BUENOS AIRES — In what may be a breakthrough in the case, Argentine police have arrested 15 people in connection with the 1994 bombing of the Jewish communal headquarters here.
Among those arrested Friday of last week were eight members of the army who, along with the other detainees, were said to have links to terrorist groups.
Judge Juan Jose Galeano, the official in charge of the investigation of the bombing of the Argentine Jewish Mutual Aid Association, ordered more than 50 searches in several areas of Greater Buenos Aires, including the Campo de Mayo army base, the largest in Argentina.
Galeano said that he was pursuing a new "avenue of investigation" in an attempt to establish the source of the explosives used in the bombing, which left 86 dead and at least 300 wounded on July 18, 1994.
All those arrested are experts in explosives and were linked to Carlos Alberto Telleldin, the sole suspect held until now in connection with the case. He was charged with selling the Renault van allegedly used in the bombing.
A source close to the investigation said the latest arrests "might be a major breakthrough, a step in the right direction, the key to find who gave support to the bombers."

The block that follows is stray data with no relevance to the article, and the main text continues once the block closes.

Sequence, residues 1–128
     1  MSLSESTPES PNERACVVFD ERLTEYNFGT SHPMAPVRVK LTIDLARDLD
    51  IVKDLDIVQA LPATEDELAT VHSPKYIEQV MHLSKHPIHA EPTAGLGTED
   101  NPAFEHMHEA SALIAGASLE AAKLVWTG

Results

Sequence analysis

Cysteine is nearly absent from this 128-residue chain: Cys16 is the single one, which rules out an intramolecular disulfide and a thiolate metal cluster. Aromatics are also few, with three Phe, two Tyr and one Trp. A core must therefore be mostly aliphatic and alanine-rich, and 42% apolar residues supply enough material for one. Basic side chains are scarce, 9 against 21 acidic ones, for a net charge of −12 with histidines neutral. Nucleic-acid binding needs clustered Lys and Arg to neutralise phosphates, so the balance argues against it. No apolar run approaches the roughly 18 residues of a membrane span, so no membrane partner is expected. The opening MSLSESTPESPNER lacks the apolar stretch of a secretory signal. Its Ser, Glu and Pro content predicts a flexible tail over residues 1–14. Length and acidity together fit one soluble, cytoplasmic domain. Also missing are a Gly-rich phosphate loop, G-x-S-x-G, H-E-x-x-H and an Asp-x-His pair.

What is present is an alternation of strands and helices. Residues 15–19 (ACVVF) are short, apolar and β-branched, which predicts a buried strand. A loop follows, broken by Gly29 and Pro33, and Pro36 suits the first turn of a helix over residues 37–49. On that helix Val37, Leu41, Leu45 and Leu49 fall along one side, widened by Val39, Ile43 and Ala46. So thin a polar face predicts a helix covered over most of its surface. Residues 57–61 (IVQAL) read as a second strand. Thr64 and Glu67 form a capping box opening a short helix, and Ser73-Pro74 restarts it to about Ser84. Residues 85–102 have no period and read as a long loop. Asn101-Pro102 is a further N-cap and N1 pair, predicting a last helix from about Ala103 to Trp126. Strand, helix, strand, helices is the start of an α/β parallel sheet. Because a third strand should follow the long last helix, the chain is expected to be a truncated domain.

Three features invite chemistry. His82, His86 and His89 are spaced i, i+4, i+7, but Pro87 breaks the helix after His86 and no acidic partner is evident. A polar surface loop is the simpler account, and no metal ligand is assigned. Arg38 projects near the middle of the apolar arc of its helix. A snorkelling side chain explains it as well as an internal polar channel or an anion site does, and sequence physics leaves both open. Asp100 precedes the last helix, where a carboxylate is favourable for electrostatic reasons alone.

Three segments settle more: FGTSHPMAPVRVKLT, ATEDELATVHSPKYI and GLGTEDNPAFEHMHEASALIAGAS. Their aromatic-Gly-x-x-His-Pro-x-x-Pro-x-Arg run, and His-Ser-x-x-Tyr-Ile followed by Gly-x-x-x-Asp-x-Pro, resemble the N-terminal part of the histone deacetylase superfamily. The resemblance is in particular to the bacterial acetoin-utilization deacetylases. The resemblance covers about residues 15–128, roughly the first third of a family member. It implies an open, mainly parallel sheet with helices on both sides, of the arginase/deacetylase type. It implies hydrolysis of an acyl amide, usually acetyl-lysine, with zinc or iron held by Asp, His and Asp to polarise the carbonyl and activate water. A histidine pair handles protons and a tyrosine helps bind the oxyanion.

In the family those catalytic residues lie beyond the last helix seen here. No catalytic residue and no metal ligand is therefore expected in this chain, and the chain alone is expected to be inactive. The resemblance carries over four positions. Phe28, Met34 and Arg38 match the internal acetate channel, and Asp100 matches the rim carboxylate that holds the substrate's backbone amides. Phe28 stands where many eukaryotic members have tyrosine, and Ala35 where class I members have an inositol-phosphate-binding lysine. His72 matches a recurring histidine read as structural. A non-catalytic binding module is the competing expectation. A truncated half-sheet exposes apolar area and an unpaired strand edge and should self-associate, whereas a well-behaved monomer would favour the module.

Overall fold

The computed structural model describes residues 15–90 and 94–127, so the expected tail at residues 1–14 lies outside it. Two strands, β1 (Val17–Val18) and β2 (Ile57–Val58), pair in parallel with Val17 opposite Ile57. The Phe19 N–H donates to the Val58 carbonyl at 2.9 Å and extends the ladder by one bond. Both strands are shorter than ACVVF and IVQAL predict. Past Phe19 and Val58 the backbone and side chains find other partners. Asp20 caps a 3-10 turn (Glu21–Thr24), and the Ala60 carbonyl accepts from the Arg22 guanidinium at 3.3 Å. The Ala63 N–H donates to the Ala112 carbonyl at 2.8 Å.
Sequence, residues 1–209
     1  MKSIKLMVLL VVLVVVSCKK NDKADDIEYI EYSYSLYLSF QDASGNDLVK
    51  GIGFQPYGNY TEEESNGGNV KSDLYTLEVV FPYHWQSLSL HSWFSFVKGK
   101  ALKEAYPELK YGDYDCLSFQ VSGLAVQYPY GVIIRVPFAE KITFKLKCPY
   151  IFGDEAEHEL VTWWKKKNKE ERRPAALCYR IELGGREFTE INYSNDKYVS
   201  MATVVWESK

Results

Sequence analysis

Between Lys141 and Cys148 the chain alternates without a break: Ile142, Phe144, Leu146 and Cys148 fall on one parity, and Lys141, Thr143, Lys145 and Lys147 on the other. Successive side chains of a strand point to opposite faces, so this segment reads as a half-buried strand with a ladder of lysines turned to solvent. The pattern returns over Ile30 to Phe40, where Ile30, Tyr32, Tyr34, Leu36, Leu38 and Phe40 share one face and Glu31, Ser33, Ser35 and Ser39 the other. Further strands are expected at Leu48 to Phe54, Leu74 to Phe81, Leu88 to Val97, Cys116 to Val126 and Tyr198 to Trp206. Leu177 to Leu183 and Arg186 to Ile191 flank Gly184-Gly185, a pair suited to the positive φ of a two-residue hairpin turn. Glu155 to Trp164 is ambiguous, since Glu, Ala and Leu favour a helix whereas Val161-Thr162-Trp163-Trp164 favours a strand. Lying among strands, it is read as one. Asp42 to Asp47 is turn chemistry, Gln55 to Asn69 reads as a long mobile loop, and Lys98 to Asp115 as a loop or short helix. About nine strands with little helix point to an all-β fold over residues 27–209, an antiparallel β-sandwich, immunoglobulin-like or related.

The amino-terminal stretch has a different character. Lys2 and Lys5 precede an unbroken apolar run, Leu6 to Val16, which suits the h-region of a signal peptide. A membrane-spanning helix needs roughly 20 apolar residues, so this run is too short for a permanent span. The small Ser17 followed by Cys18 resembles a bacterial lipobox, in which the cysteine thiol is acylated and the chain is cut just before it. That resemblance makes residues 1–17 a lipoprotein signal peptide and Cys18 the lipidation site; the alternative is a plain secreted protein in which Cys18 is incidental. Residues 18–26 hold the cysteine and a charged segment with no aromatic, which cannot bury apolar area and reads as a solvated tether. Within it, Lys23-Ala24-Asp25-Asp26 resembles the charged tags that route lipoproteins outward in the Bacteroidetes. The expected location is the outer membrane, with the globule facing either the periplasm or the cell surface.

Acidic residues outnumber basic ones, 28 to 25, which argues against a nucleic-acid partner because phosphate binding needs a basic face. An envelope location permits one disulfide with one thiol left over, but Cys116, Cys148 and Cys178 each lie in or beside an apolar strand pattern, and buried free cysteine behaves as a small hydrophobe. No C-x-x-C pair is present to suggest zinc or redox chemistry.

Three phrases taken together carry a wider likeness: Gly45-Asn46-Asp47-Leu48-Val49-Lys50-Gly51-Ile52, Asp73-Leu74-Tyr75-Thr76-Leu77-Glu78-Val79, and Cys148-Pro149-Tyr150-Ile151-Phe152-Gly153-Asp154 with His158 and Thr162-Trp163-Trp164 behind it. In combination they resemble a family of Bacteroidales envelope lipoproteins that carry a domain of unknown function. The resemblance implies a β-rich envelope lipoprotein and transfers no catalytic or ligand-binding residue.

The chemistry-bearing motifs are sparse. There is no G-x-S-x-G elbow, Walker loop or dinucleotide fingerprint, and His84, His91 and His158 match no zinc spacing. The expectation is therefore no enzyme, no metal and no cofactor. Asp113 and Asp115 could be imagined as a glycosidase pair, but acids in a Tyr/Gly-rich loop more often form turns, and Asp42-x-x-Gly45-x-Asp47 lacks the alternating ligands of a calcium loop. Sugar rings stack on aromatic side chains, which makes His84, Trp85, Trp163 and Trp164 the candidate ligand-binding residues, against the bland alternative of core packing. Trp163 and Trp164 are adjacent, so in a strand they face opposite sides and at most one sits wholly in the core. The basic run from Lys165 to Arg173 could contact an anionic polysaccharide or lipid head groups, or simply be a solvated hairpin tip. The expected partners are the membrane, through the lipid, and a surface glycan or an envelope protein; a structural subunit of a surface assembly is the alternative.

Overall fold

Police Commissioner Angel Salguero, the official who conducted the searches, said the group now under arrest "combines different elements: extreme rightists, drug dealers and traffickers of assault weapons. They are linked to other groups capable of terrorism."
During the searches, the police found 75 hand grenades, 110 detonation caps, seven rocket-propelled grenades, 60 blocks of plastic explosives, handguns and more than two pounds of marijuana.
One of the suspects was found in possession of a set of false IDs, including fake police badges and judiciary officials' badges.
Jewish leaders have complained about what they describe as the slow pace of the investigation, which has to date provided no satisfactory explanation for the attack.
A March 1992 attack on the Israeli Embassy in Buenos Aires also remains unsolved. That car bombing killed 29 people and left more than 100 injured.